Robot Harvesting Machine Is Tip Of The Agri-Tech Iceberg

Harvesting delicate fruit and vegetables with robots is hard, and increasingly us humans no longer want to do these jobs. The pressure to find engineering solutions is intense and more and more machines of different shapes and sizes have recently been emerging in an attempt to alleviate the problem. Additionally, each crop is often quite different from one another and so, for example, a strawberry picking machine can not be used for harvesting lettuce.

A team from Cambridge university, UK, recently published the details of their lettuce picking machine, written in a nice easy-to-read style and packed full of useful practical information. Well worth a read!

The machine uses YOLO3 detection and classification networks to get localisation coordinates of the crop and then check if it’s ready for harvest, or diseased. A standard UR10 robotic arm then positions the harvesting mechanism over the lettuce, getting force feedback through the arm joints to detect when it hits the ground. A pneumatically actuated cutting blade then attempts to cut the lettuce at exactly the right height below the lettuce head in order to satisfy the very exacting requirements of the supermarkets.

Rather strangely, the main control hardware is just a standard laptop which handles 2 consumer grade USB cameras with overall combined detection and classification speeds of about 0.212 seconds. The software is ROS (Robot Operating System) with custom nodes written in Python by members of the team.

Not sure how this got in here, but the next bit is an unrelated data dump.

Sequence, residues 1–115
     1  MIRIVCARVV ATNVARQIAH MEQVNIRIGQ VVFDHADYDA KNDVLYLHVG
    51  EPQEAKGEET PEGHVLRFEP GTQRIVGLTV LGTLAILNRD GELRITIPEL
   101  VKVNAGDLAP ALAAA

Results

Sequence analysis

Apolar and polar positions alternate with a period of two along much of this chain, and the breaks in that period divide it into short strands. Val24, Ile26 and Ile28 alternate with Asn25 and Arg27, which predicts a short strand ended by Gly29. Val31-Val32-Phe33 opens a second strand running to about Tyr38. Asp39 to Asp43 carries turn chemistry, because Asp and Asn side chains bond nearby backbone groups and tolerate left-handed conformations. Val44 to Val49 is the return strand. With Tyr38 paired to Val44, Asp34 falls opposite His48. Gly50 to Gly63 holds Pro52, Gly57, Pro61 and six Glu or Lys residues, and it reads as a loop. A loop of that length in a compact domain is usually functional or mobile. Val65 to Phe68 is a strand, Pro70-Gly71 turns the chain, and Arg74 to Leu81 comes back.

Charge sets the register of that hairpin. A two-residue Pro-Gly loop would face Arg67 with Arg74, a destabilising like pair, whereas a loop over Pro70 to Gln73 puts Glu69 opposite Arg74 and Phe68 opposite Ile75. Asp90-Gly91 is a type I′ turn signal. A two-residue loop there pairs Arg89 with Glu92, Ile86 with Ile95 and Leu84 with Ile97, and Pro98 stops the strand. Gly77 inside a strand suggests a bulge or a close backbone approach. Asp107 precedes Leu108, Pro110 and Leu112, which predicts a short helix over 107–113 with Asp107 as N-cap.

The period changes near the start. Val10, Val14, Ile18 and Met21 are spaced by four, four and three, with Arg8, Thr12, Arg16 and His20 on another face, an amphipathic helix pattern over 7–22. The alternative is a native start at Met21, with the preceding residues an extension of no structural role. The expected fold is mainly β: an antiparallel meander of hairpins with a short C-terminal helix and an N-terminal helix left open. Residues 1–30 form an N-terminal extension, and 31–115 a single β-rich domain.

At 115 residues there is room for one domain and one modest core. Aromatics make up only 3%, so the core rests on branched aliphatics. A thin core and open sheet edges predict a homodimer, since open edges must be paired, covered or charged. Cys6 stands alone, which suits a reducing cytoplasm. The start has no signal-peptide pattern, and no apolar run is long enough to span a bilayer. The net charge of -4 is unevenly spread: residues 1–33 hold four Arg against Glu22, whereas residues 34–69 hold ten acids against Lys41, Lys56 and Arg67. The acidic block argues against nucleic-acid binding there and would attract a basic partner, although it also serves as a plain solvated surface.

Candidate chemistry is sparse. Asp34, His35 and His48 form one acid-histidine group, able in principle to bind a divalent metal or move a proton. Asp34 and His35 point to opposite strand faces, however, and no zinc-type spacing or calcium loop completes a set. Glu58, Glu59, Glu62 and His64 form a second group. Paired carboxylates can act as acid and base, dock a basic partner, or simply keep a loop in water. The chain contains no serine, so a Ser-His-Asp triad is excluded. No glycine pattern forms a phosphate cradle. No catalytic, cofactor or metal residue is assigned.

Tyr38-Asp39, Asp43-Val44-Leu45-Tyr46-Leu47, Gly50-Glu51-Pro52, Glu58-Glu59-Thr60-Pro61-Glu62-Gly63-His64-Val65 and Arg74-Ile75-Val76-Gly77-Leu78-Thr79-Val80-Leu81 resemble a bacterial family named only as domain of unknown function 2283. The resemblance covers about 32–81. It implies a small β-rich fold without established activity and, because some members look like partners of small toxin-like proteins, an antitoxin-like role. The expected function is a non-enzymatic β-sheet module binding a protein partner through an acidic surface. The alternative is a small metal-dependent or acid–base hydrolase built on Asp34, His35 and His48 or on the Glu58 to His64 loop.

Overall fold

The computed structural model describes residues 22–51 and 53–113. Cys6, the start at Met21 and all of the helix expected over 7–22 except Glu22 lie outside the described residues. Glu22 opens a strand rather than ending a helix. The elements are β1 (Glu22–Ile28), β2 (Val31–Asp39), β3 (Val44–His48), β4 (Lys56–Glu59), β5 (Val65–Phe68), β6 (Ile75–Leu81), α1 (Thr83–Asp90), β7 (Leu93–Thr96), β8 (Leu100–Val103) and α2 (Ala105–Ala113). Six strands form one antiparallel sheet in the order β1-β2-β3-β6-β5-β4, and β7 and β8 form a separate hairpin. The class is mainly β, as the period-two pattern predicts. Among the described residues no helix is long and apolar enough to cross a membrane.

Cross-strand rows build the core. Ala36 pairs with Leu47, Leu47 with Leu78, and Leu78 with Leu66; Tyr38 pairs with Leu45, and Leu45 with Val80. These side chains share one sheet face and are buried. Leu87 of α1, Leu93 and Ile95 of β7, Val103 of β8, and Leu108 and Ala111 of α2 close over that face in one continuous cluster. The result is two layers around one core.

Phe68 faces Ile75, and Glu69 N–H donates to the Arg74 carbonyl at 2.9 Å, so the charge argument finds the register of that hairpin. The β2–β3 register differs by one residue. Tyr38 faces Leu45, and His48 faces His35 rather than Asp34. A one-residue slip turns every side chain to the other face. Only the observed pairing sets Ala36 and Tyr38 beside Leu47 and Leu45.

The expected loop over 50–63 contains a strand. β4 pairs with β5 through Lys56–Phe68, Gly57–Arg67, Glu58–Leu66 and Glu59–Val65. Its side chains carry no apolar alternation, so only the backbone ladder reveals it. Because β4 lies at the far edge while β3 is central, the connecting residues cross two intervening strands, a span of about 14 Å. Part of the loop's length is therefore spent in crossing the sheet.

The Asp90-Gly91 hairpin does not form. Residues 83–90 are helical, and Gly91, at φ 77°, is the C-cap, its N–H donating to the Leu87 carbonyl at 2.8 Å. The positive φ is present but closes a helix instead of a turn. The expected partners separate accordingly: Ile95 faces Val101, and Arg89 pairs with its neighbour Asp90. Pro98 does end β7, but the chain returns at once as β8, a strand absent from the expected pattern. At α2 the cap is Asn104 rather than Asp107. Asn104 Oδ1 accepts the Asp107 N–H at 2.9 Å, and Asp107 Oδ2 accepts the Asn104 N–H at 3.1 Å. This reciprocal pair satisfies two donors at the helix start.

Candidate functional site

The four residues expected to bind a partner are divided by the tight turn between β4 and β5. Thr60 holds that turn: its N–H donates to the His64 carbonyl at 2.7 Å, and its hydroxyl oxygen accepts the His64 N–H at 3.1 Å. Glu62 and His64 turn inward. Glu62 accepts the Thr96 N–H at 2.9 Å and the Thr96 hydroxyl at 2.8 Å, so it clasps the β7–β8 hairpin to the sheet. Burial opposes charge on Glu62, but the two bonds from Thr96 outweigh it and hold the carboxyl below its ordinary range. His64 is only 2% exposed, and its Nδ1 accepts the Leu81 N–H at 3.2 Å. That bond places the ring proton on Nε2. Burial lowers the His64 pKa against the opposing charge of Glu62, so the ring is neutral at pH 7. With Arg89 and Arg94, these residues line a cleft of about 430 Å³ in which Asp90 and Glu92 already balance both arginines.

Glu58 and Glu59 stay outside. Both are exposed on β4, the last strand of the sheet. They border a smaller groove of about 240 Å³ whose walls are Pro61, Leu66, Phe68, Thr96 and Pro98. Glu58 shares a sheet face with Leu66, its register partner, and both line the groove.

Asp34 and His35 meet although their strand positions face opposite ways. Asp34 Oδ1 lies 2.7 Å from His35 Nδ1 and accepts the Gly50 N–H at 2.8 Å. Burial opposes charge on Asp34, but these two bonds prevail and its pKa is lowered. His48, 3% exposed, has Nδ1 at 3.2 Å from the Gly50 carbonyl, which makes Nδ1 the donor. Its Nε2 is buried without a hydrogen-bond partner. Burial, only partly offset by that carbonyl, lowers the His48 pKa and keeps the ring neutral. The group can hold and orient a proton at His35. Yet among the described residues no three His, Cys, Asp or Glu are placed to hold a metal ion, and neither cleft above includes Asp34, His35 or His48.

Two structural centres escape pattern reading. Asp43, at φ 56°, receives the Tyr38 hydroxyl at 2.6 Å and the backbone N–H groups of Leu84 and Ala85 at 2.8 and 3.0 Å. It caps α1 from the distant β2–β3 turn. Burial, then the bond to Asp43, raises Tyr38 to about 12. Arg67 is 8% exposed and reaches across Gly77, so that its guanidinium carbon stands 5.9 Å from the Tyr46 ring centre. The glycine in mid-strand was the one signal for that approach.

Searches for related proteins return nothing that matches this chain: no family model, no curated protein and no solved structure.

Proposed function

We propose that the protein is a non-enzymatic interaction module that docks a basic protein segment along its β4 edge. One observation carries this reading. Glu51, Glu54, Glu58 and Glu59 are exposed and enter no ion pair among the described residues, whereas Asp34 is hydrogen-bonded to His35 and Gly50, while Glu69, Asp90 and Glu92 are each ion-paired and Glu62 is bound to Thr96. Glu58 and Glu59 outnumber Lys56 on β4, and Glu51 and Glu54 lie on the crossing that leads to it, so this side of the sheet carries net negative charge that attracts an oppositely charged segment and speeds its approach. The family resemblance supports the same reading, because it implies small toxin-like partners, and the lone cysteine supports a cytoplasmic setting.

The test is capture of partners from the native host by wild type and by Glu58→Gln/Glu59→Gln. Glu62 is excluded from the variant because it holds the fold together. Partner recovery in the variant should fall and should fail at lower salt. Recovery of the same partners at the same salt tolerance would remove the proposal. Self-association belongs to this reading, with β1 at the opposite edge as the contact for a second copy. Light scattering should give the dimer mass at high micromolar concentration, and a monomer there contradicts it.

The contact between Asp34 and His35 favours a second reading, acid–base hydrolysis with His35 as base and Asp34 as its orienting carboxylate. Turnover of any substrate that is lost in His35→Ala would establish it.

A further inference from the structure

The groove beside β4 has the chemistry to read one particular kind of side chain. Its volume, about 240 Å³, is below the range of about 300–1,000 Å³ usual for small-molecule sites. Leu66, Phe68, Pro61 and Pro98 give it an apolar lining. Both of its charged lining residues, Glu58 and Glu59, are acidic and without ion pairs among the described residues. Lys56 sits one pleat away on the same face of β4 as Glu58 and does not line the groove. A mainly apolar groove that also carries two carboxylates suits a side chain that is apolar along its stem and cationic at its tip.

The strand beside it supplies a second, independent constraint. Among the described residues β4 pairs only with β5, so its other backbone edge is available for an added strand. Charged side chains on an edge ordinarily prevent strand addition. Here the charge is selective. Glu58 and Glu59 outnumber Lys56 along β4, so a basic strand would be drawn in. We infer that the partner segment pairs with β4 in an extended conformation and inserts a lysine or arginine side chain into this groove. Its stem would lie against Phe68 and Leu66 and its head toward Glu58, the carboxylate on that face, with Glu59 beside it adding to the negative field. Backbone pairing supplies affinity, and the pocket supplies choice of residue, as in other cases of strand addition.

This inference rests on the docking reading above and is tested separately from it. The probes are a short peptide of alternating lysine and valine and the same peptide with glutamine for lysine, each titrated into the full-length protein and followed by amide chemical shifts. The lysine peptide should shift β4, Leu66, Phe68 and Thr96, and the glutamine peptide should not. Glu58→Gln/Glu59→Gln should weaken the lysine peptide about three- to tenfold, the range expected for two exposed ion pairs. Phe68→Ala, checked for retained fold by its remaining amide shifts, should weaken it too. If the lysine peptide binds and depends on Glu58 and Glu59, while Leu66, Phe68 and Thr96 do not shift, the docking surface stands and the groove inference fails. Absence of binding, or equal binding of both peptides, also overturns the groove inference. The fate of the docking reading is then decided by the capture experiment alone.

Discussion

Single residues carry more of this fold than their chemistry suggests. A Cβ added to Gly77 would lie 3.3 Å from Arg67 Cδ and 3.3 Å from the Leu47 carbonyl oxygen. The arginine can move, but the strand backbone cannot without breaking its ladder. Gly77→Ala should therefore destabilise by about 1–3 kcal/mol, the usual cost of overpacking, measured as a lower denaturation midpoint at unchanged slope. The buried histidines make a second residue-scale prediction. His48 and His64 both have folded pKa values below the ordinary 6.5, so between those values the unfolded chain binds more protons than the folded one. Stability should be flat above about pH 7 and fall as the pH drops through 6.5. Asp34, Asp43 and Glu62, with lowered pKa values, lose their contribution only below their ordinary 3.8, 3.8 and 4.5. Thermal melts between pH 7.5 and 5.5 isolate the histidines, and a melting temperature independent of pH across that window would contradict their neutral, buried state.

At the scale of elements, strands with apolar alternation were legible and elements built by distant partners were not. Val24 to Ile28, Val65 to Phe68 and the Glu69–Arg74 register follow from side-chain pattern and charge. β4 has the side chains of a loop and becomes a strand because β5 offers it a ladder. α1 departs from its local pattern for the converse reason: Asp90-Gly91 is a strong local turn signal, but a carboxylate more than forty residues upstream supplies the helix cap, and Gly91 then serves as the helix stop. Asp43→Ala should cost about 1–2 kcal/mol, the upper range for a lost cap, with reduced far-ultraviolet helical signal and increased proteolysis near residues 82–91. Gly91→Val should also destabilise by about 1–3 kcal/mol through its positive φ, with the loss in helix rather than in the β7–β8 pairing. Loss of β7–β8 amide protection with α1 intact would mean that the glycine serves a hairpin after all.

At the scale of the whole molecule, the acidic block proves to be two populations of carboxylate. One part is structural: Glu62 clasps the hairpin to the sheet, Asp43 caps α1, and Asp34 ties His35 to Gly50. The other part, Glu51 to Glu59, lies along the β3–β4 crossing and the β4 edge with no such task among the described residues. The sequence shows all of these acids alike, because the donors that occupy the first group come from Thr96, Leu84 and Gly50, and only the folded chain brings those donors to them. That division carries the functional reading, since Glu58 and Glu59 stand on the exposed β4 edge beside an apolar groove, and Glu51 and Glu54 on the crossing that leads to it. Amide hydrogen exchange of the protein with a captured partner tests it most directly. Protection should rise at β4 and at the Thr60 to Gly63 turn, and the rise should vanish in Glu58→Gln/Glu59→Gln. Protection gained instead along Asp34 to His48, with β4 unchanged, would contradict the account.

Although the machine is slow and under-powered, we were very impressed with the fact that it seemed to work quite well. This particular project has been ongoing for several years now and the machine rebuilt 16 times! These types of machines are currently (2019) very much in their infancy and we can expect to see many more attempts at cracking these difficult engineering tasks in the next few years.

We’ve covered some solutions before, including: Weedinator, an autonomous farming ‘bot, MoAgriS, an indoor farming rig, a laser-firing fish-lice remover, an Aussie farming robot, and of course the latest and greatest from FarmBot.

Video after the break:

24 thoughts on “Robot Harvesting Machine Is Tip Of The Agri-Tech Iceberg

    1. Work in that season´s crops.

      The basic idea shouldn´t be for it to be considered as a profession, just as a “make ends meet” work. Same as flipping burgers at McDonalds. The kind of work people in the down can do and earn a little, or that people without much knowledge, or language barrier, can simply do. Better than just having to receive government money.

      1. It’s much more complicated than that. Sure, flipping burgers is not that hard, but for any job you need a bunch of things in place to be reliable and effective. Consider transportation, a place to sleep, adequate food so you have the energy to work, adequate healthcare so that you’re physically able to do the job. If you’re starting at 0 then a lot of those things are out of reach. That’s why I support a large increase in the minimum wage. I’d rather pay more at the checkout by having to pay a little more than have it funneled through government programs and pay those costs through my tax dollars.

  1. “and increasingly us humans no longer want to do these jobs. ”

    I’ll be changing that phrase with something more real:
    … and increasingly greedy humans no longer want to PAY to have these jobs done.